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C. Calloway Brooks - Director

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All hail King Louis (Armstrong) the Second!








C. Calloway Brooks on Jonah Jones:

Yep, that really was his nickname back in the day: King Louis II.  Because he sounded so much like Louis Armstrong, if you turned your back, you couldn't tell who was who! 

The Orchestra was so honored to play at his memorial service at St. Peters Church here in NY.  I met Jonah on many occasions.  I still have his obituary posted in my office right next to Milton Hinton's.   His nickname in the band was "Eggy" because of the egg shape of his head.

Granddad's old pal from Chicago, Louis Armstrong was too busy to join the band so Granddad hired his clone Jonah.  Granddad was so excited, he had an arranger write a new tune called Jonah Joins the Cab.  It's a blues that goes through 4 keys.  Like Jonah, it's phenomenal.  My favorite of Jonah's features these days is his trumpet solo on Geechie River Lullaby.  You don't hear that kind of broad, clear, firm, yet a bit sassy trumpet tone these days.    

-- CB 

B: December 31, 1908, Louisville, KY
D: April 30, 2000, New York, NY

Jonah Jones, one of the nation's foremost trumpetmen played an integral part in the history of jazz, gave to the world a long list of recorded jazz. Dizzy Gillespie once recalled that Jonah told the history of jazz better than anyone, not only because he lived it, but because "when Jonah tells a story, he makes everybody sound so good!"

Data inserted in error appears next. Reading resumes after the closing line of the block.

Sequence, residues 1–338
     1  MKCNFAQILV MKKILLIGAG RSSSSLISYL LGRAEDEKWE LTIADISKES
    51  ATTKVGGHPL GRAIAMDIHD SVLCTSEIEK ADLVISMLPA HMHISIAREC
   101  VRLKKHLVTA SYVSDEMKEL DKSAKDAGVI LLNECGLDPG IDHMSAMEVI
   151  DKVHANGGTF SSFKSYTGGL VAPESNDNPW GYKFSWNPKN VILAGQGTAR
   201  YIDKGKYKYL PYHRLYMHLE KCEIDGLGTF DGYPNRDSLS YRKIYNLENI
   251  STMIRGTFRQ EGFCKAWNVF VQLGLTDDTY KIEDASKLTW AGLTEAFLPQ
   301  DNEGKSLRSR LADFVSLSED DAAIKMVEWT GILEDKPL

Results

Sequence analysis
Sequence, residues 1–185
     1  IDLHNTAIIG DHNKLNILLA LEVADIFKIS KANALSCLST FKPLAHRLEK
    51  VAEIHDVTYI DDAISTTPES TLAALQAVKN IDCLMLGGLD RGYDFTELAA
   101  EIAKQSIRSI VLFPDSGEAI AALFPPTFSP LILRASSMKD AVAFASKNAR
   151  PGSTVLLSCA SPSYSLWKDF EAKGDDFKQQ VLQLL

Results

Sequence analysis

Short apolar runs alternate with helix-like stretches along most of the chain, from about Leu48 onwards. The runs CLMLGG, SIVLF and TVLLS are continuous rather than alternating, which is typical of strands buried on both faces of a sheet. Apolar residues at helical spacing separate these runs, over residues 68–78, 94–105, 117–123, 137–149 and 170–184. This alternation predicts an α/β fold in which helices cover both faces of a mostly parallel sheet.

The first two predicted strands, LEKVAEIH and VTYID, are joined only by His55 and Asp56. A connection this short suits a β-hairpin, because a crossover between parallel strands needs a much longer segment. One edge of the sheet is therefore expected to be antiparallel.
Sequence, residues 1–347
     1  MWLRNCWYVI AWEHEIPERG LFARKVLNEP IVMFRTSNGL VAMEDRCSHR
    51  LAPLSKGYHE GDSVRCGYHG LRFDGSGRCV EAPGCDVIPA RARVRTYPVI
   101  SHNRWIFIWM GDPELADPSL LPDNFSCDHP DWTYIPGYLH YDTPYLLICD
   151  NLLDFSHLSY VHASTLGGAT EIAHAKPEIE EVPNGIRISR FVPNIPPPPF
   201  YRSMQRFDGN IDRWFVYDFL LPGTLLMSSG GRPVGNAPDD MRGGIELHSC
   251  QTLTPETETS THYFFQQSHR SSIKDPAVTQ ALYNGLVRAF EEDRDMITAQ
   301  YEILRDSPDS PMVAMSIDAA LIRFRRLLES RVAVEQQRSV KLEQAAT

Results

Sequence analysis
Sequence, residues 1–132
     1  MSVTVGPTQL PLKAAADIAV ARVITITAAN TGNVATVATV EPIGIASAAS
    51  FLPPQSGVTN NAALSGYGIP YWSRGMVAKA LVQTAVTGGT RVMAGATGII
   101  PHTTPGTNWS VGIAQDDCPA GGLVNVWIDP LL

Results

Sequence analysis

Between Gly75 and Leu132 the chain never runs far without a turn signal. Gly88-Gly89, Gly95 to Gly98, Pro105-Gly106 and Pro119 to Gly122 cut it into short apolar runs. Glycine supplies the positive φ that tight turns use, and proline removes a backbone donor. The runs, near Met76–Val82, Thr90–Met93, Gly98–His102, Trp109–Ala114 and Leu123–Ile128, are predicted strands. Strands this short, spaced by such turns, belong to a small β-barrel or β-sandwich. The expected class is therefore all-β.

Jonah Jones was born Robert Elliott Jones in Louisville, Kentucky in 1908. He was infected with the music "itch" at the age of 11. He watched the Booker T. Washington Community Center Band march through town as a boy and the flashy trombones impressed him. The band's organizer gave him his chance, but soon determined that Jones’arms were too short for trombone. "The Booker T. Washington Band was where a lot of young kids learned to read music. Dicky [Wells] and I both got our start there." Jonah also recalled in 1995 how he acquired the nickname of Jonah:
"The conductor’s name was Lockwood Lewis and he always referred to us by our last name. Well, when he got excited he would stammer. So he put me in a big band of 10 and 11 year old boys. One day we were playing a march and I kept hitting the wrong note, but I didn’t know it. I was just so excited being in that band that I hit an E flat when I should have played an E natural. He rapped on his stand, ‘Someone is making the wrong note there, watch your part.’ Then we took the song down again, and I did the same thing. I didn’t know it was me making the wrong note. He got more excited and rapped on the stand and said, ‘Say, watch your part!’ Then the band tried the song for the third time and this time he caught my hand on the wrong note. He was so excited that when he went to say my last name, he stammered and said, ‘Ja-ja-ja-ja...Jonah, don’t you see that’s the wrong note?’ Well, all the fellows in the band started laughing and called me Jonah ever since!"